I'm planning to resume lessons since it's been almost a month since my last one. I don't ride badly but I think it's only fair that I keep improving myself to be a better rider for Quest's sake.

Fooling around. Quest is not as amused.

Monday, October 13, 2014

Weekend (Mis)adventure

Quest has been doing impressively well undersaddle so I was curious how she would fare on the trail handwalking. After finishing up our usual lunge session Saturday afternoon, we headed out for a exploratory outing with A and her lease horse Smokey. The route we took is the go-to trail used by everyone at the barn. It goes a few miles in either direction and follows an abandoned rail track that cuts across several streets with local traffic so it makes for an interesting desensitization challenge.

We decided to do a 1.5 mile jaunt and Quest did great on the walk down. She was much more interested in the shrubbery along the trail then the fellow trail users, cars, construction saws, two squirrels and one rabbit that we encountered on the path. Along the way, we did some whoa, backing up, and yielding to keep the mareface brain focused on me. A and I alternated having Quest and Smokey lead and no problem there. Or so I thought.

After a grazing break, we headed back along the same way. About halfway home, one section of road had an alternate route that cut through thick dense brush so A led the way first with Smokey. They disappeared from view when promptly...mareface meltdown. Quest started getting high headed, pacey, and antsy- it was the most worked up I've ever seen her become. I moved her feet, intending to send her a few circles around me to get her brain back. Somehow in the midst of her meltdown, she managed to get the lead rope looped around her hind leg with me holding the other end. She was getting more agitated and pulling hard, threatening to kick. Two choices immediately came to mind- I could continue to hold on or I could let her go. Loose horse or broken legs and risk injury to myself as well?

I decided the former. I yelled a warning to A and let go. The rope whipped out of my hand and Quest took off down the trail around a corner and out of sight to escape the rope around her leg. I jogged after her, heart in my throat as my mind raced to figure out what I could do next. I turned the corner and saw Quest standing on the path waiting for me, lead line dragging harmlessly behind her on the ground. No cuts, bumps, scrapes. Thank goodness. "Hey Quest!" I kept my voice bright and happy and stood in place while gesturing my "come in" signal that we used for lunging. She eagerly walked up to me in ready compliance. I couldn't help but pet her and weakly grin in relief as I picked up the lead and we headed home without further incident. I made sure to lunge a few circles and did some groundwork refresher before I put her in for the day.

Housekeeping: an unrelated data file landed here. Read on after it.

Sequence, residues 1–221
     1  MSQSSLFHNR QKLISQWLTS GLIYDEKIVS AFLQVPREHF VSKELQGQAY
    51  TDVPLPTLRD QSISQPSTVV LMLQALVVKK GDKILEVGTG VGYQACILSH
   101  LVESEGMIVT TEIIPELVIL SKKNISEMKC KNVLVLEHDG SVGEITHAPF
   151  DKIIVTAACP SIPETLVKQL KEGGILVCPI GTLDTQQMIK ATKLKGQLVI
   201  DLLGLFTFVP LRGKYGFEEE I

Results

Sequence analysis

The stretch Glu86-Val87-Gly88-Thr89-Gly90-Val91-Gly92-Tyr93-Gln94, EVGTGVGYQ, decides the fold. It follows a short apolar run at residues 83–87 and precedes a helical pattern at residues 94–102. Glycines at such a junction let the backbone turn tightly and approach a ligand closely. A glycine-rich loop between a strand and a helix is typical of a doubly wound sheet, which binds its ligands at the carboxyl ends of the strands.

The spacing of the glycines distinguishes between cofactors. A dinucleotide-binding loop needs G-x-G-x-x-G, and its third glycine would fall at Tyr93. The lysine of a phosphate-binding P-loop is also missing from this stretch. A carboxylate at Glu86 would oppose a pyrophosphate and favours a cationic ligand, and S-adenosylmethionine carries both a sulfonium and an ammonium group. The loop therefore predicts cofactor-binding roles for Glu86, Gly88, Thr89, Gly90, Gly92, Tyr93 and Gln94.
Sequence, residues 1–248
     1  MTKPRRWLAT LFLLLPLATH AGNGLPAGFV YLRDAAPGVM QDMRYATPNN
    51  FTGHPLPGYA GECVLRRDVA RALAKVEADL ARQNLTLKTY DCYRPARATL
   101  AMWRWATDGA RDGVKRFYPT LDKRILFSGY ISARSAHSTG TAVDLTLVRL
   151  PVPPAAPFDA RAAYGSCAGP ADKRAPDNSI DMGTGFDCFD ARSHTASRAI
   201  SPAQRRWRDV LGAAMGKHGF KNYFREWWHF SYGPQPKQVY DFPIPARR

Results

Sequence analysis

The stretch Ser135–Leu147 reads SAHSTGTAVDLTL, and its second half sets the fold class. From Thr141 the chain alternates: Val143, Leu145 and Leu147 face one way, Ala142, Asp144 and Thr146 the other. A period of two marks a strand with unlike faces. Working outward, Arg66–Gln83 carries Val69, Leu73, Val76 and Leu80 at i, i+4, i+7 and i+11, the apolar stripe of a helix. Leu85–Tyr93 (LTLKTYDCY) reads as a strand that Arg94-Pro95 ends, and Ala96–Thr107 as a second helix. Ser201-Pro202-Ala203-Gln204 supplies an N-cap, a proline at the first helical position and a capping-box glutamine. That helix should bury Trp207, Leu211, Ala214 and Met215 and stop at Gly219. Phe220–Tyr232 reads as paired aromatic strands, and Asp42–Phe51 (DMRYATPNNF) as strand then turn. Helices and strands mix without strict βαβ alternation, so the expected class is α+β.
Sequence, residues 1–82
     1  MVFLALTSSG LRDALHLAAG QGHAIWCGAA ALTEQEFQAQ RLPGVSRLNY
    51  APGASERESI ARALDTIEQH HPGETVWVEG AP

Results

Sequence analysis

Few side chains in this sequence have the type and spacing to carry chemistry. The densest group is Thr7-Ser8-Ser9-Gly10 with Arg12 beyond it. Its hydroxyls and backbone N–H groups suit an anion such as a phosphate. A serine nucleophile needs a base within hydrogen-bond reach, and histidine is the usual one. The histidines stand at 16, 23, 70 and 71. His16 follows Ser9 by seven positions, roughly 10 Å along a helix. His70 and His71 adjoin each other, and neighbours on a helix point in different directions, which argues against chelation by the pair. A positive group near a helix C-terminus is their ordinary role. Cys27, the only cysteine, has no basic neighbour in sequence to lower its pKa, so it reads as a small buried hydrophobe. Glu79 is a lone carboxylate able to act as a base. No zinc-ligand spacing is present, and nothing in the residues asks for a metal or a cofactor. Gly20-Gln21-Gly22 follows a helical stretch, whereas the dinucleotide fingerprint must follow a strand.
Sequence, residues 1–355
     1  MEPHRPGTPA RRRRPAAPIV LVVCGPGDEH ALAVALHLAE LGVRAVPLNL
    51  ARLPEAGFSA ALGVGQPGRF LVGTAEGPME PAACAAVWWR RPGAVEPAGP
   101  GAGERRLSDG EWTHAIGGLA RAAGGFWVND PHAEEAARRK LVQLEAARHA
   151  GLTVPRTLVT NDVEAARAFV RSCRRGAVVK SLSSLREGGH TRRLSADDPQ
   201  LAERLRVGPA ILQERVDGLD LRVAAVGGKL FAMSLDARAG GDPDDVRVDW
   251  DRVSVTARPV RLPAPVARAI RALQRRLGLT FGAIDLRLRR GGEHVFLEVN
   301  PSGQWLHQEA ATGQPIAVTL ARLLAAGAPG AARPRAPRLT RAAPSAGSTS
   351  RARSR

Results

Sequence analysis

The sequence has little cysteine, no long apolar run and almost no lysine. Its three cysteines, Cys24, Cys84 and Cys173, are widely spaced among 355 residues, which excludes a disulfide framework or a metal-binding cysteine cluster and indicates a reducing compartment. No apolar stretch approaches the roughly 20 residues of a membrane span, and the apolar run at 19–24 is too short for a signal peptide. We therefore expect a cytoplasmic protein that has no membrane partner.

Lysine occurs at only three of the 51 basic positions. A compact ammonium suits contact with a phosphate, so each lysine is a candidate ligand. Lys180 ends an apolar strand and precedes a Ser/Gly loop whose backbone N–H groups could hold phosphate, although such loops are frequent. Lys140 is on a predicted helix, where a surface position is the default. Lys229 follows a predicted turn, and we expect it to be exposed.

So yeah, guess I finally figured out Quest's quirk. I've done a bit of reading and research- her actions are case study herdbound. It makes sense because she been bounced from at least 3 different owners (that I know of) before me and the lack of consistency has caused her to seek other horses for comfort due to lack of leadership she's seen in people. Our history together doesn't go very far obviously as I've only been working her for 2-3 weeks so it's of utmost importance that I continue to stand my ground confidently.

This doesn't change how awesome I think Quest is overall but it's something we will REALLY need to work on if we ever want the option of doing trails solo. We're going to take a couple steps back and work on building her confidence in me as a leader with increased emphasis on groundwork and respecting space. I think the fact that Quest stood still and waited for me while loose on the trail was rather telling- I'm glad that she went only as far as felt she needed to escape the rope but once that pressure was gone, she readily came right back to me when invited. It was definitely a huge trust thing on her part. The escapade does put a damper on things but so far it's nothing that can't be solved with patience and time.

We've got a whole winter ahead of us to work hard.

Thursday, October 9, 2014

First REAL ride

All the hard work and patience finally culminated into a bright and shining moment last night.